Hillsborough businesses hear the latest from Republican U.S. Representatives
listen

08/11/11 Josh Holton
WMNF Drive-Time News Thursday | Listen to this entire show:

Large_2578
Medium


Congress members Gus Bilirakis and Dennis Ross.


photo by Josh Holton

As Hillsborough County businesses are looking for a way out of the economic hardships facing the country, the Brandon Chamber of Commerce invited local businesses to their membership luncheon today, where some local legislators updated the chamber on the latest from congress.

While the nation struggles to reach compromise in the tenuous political climate, local business owners with the Brandon were mainly interested in a Republican perspective for economic solutions. Representatives Dennis Ross and Gus Bilirakis answered questions from the media and business leaders, and said that government should get out of the way.

Both Ross and Bilirakis opposed new taxes, but Ross said that closing some tax loopholes, including government pay for corporate jets, would be on the table.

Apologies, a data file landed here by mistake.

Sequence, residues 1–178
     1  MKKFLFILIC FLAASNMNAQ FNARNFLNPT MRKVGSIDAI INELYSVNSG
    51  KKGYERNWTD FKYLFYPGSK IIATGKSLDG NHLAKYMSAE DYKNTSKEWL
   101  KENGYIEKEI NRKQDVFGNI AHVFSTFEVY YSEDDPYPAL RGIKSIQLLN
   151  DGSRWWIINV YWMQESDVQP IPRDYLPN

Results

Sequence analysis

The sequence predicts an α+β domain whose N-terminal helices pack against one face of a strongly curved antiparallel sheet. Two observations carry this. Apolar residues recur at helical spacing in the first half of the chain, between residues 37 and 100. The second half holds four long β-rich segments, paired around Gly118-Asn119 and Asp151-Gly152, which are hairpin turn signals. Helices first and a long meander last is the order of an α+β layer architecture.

As always jobs creation is a major priority for Republicans. Many progressives are promoting some government programs, like a renewed Civilian Conservation Corps, that would put unemployed veterans back to work. With 20% of veterans out of work, Gus Bilirakis said he might consider such programs.

A major goal for Republicans is removing excessive regulations on business, but some folks are wary when the environmental protection and public health take a back seat to profits. While groups like the Sierra Club demand stronger water quality standards in Florida to reduce harmful phosphorus levels Bilirakis says environmentalists are hurting business.

Bilirakis says the EPA should promote safety. But environmentalists say phosphorous runoff causes toxic algae blooms, which they say are tougher to clean up than to prevent. But Bilirakis says he thinks the water quality isn’t so bad.

Richard Budell, the Director of Agriculture and Consumer Services for Florida, testified that the new rule could cost nearly a billion dollars, but EPA administrator Gwendolyn Keyes Fleming estimated the new rule will cost each household about 11 cents for clean water, totaling only one to two hundred million dollars.

comments powered by Disqus